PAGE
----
[ntp:questions] Ntp not syncing after powerfail of server
Richard B. Gilbert
rgilbert88 at comcast.net
Fri May 20 00:38:07 UTC 2011
On 5/19/2011 12:08 PM, M. Giertzsch wrote:
> Am 19.05.2011 17:55, schrieb Chris Albertson:
>> On Wed, May 18, 2011 at 2:57 AM, M. Giertzsch<mgiertzsch at mobotix.com>
>>> Now if there is a powerfail, there is no guarantee that the server has
>>> finished the boot
>>> before the clients have. In this case the time will not be synced.
>> If the clients are running the standard ntpd they will continue poling
>> "forever" and the server can go up and down. The clients can sync to
>> it when it is up and of course can't if it isn't.
>> BTW it helps to have more than one NTP server. How do you know you
>> server is serving correct time without some kind of redundant check?
> Hi Chris,
> thank you for your reply.
> This is of course true, I can't say that that one server serves the
> correct time.
> But in a closed environment I can't guarantee that even when using more
> If real time is needed I'm in need of a GPS module or something like this.
A GPS Timing Receiver gives you time traceable to NIST.
> But hmm, still it seems to me that the client does not sync when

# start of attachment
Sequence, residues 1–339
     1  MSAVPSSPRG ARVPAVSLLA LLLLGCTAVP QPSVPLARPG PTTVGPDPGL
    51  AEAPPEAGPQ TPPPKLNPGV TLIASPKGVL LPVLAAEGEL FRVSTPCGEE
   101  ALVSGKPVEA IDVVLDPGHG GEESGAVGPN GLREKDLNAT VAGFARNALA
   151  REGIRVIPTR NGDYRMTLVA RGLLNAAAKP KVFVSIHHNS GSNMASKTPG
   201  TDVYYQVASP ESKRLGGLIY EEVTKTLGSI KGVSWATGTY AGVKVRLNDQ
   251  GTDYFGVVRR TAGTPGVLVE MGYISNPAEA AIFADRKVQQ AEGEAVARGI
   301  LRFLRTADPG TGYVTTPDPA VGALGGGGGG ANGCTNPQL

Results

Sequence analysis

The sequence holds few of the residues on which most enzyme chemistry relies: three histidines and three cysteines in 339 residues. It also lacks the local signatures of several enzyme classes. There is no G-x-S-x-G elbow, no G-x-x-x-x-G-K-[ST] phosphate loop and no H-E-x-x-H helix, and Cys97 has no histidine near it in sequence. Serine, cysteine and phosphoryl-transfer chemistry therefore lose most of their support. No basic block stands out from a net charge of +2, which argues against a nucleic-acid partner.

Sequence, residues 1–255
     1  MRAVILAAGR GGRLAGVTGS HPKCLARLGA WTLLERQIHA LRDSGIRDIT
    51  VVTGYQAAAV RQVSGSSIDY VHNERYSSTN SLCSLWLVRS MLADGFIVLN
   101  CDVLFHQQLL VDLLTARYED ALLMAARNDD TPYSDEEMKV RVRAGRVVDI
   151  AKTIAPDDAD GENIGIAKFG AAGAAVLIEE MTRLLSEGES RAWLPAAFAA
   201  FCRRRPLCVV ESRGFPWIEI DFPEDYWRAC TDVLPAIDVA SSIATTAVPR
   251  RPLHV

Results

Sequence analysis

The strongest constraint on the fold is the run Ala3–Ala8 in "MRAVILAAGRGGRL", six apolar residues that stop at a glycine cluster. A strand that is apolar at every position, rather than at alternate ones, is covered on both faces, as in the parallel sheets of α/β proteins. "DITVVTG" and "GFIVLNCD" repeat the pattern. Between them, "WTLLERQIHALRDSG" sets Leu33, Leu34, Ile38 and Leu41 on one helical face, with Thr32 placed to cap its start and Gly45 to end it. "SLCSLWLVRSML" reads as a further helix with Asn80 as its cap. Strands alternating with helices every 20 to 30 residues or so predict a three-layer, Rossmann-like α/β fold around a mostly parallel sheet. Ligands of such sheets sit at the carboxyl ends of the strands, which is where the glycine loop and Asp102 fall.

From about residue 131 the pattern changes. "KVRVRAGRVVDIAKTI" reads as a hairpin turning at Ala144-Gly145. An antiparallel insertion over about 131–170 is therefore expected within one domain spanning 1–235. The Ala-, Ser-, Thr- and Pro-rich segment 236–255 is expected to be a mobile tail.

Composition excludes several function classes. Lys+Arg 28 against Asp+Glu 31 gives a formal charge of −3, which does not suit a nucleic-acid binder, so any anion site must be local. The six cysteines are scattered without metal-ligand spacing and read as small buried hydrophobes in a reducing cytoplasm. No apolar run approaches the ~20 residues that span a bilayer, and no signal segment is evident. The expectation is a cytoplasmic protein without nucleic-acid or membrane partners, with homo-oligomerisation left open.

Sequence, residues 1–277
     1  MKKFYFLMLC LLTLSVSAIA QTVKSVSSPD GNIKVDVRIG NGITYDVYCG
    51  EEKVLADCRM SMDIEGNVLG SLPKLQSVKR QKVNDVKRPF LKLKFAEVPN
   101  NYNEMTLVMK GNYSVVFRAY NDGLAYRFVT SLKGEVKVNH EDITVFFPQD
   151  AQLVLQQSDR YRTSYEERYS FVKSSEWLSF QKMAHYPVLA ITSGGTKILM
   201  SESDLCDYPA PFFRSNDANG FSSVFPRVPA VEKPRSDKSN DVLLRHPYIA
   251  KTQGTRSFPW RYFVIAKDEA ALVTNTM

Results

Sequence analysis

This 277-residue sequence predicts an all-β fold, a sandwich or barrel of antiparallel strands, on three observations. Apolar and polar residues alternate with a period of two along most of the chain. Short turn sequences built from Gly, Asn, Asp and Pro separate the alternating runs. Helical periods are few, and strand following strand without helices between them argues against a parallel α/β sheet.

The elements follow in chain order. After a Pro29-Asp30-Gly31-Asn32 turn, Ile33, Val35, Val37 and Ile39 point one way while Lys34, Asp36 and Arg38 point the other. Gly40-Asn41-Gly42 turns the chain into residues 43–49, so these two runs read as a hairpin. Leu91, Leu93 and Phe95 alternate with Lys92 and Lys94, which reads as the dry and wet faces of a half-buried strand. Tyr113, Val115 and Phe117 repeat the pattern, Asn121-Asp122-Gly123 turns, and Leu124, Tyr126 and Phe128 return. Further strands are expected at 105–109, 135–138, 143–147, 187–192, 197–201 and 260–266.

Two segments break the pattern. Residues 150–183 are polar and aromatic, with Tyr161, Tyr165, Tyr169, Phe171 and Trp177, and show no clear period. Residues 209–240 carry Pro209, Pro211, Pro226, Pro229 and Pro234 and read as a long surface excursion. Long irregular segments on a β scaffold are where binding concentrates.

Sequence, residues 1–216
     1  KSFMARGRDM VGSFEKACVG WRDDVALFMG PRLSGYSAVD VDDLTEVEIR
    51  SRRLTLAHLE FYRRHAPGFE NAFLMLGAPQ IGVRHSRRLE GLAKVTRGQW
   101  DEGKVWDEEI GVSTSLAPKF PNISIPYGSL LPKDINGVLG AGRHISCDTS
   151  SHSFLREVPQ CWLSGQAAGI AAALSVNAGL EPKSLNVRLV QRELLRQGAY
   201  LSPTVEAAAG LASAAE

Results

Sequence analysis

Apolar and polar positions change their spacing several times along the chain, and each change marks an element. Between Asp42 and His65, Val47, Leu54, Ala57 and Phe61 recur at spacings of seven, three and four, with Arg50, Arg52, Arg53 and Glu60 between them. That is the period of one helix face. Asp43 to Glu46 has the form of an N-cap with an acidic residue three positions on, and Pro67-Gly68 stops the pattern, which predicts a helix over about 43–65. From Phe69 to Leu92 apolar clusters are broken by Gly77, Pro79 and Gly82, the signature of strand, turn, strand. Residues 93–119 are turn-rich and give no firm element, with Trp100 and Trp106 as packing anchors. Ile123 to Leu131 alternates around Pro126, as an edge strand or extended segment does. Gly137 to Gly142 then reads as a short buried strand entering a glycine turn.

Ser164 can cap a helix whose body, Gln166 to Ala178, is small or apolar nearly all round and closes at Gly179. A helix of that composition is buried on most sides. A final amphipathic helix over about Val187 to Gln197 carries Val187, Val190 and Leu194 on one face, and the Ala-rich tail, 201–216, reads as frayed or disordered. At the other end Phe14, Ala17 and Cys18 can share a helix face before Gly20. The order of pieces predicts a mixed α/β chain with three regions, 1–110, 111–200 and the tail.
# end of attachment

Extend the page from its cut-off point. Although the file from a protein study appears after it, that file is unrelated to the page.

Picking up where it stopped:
> finished booting
NTPD needs something like thirty minutes before it is able to serve a
reasonable facsimile of the correct time. It needs up to ten hours
after startup to deliver the highest quality time that it is capable of.
The corollary to this is that you can't expect NTPD to run 9 AM to 5 PM
and deliver the best possible quality of time. If you want the best
possible accuracy, you run NTPD 24x7.
There is another program whose name I forget, that does a much faster
startup at the the price of slightly poorer quality of time.
> before the server does. What about that iburst mentioned in my recent
> post and may it be that
> I have to be more patient waiting for the next poll (but I waited half
> an hour).
Something is very wrong there. NTPD adjusts its poll interval from 32
or 64 seconds to 1024 seconds as needed. Over simplifying, the short
poll intervals give you a relatively speedy convergence to to something
close to the correct time. Longer poll intervals give better accuracy.
The "IBURST" keyword causes NTPD to initially send eight requests at
intervals of two seconds. The information thus obtained gets NTPD
initialized more rapidly than it would be otherwise.
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